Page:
Indonesia and Pakistan have had a very special relationship that predates both countries independence.
Its foundation is based on religion, with Indonesia and Pakistan being the most and second most Muslim populous countries in the world respectively.
This shared cultural foundation saw the movement that became modern-day Pakistan take an active role in Indonesia’s struggle for Independence.
A contribution that is largely forgotten today.
Indonesia declared independence from the Dutch on 17th August 1945. Though actual freedom came 4 years later after a bloody struggle that claimed between 45,000-100,000 lives.
Pakistan was going through a similar fight for independence against the British, whilst wanting to be recognized as a separate entity from India.
This led Muhammed Ali Jinnah, the eventual founder of Pakistan and leader of the Indian Muslim Movement to lend support to Indonesia’s struggle for Independence.
Through the All Indian Muslim League, M A Jinnah roused sentiment against the Indian British Raj over Indonesia, who were actively supporting the Dutch in Indonesia by sending troops to Sumatra. His strategy for protest was to convince Muslim soldiers from the British Indian Army to mutiny and support the freedom of Indonesians against colonial oppression.
And it worked.
Some 600-800 Muslim soldiers deserted the British Indian Army and actively supported Indonesia’s freedom fighters.
From Singapore, the British courts pronounced these soldiers as traitors, giving them the death sentence.
The Muslim soldiers fought valiantly on all fronts, helping defeat Dutch forces in the cities of Bandung, Medan, Kota Raja and Bukit Tinggi.
They also suffered heavy casualties. Around 500 soldiers died in the conflict.
The remaining few returned to Pakistan, with some staying in Indonesia fearing British arrest.
Even after the Independence of India and the birth of Pakistan in August 1947, Indonesia’s struggle was still raging. And the British, due to the close proximity of Indonesia to their remaining colonies of an increasingly fractured empire, continued their support of Dutch Colonialism.
On British orders, the Dutch landed fighter planes in Karachi, loaded warships with artillery and fuel destined for the Indonesian conflict.
M A Jinnah immediately fought these final colonial measures within his new country.
As a result, relations between newborn Pakistan and the Netherlands were nonexistent until 1955, 6 years after Indonesian independence.
Pakistan’s Foreign Minister Sir Zafrarullah Kahn explained his nations zealous support for Indonesia:
“Dutch action was an affront to the soul of Asia.”
M A Jinnah and Sir Zafarullah would vigorously support Indonesian Independence on the international stage, including at the United Nations.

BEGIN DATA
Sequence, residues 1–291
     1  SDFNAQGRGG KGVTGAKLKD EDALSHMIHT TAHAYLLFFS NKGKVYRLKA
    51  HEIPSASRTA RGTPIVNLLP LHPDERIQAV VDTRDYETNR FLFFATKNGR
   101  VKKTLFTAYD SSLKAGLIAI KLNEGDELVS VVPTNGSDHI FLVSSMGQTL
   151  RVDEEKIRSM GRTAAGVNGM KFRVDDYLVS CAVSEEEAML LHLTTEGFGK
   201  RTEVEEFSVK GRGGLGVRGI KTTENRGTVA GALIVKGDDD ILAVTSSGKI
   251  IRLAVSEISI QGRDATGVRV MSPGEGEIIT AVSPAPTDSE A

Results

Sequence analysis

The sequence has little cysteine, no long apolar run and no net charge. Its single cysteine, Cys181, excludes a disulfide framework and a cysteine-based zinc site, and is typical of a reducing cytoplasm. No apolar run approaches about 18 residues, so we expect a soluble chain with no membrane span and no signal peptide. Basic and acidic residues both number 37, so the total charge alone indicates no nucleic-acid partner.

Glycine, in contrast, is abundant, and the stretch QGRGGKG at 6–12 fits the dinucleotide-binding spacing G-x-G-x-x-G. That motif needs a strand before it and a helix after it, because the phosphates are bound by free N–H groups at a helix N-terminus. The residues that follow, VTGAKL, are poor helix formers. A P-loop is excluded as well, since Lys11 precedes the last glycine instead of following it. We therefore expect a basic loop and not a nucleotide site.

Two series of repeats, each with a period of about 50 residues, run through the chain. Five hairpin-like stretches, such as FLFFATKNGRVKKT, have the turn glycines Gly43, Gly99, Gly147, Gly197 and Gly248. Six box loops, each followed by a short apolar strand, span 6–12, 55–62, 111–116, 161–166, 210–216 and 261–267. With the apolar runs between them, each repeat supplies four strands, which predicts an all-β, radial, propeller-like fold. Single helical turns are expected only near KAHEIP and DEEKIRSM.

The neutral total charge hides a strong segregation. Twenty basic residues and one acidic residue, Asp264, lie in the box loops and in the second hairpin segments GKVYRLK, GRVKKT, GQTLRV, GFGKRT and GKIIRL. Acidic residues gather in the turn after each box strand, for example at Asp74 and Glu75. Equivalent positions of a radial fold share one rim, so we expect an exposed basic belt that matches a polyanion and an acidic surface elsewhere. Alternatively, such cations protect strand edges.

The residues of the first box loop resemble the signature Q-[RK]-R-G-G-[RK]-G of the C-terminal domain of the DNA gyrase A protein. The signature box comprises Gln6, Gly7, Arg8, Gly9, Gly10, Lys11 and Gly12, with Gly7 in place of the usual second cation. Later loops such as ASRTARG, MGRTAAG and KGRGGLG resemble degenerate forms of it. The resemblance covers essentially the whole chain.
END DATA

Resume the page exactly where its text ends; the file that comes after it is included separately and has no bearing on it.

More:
M A Jinnah’s August 1948 Eid message, just before his death, he proclaimed:
“My Eid Message to our brother Muslim States is one of the friendship and goodwill. We are all experiencing the power politics that is being staged in Palestine, Indonesia, and Kashmir, which should serve as an eye-opener to us. It is only by having a united front that we can make our voice felt in the counsels of the world”
On December 19, 1948, the Dutch launched the last and most forceful aggression against Indonesia, the infamous “Military Action.”
In response to Dutch aggression, Zafarullah Khan convinced Governor General of Pakistan to provide Military support to Indonesia.
Around 100 Pakistan Army Infantry soldiers were sent to Indonesia to support a Gorilla fight against the Dutch.
Only a few dozen Pakistanis soldiers would return. One of whom, Mohammed Sadiq, was awarded a certificate of bravery by President Sukarno on a later visit to Karachi.
Finally, on the 27 December 1949, the Republic of Indonesia earned it’s Independence.
Pakistan observed it as a national holiday in celebration.
The two nations have been friends ever since.
During the Gold Jubilee of Indonesian Independence in 1995, Suharto posthumously awarded M A Jinnah the highest honour of Adipura, to M A Jinnah.
Indeed, a 2014 BBC poll found that Indonesian’s had a positive view of Pakistan, meaning Indonesia – along with Nigeria – has the most positive view of Pakistan in the world.
Today, the two countries face similar problems related to the environment, poverty, and the fundamentalist interpretations of their major religion.
That’s why our friendship in our shared adversities continues to be important to this day and why they should never be forgotten.
And always celebrated.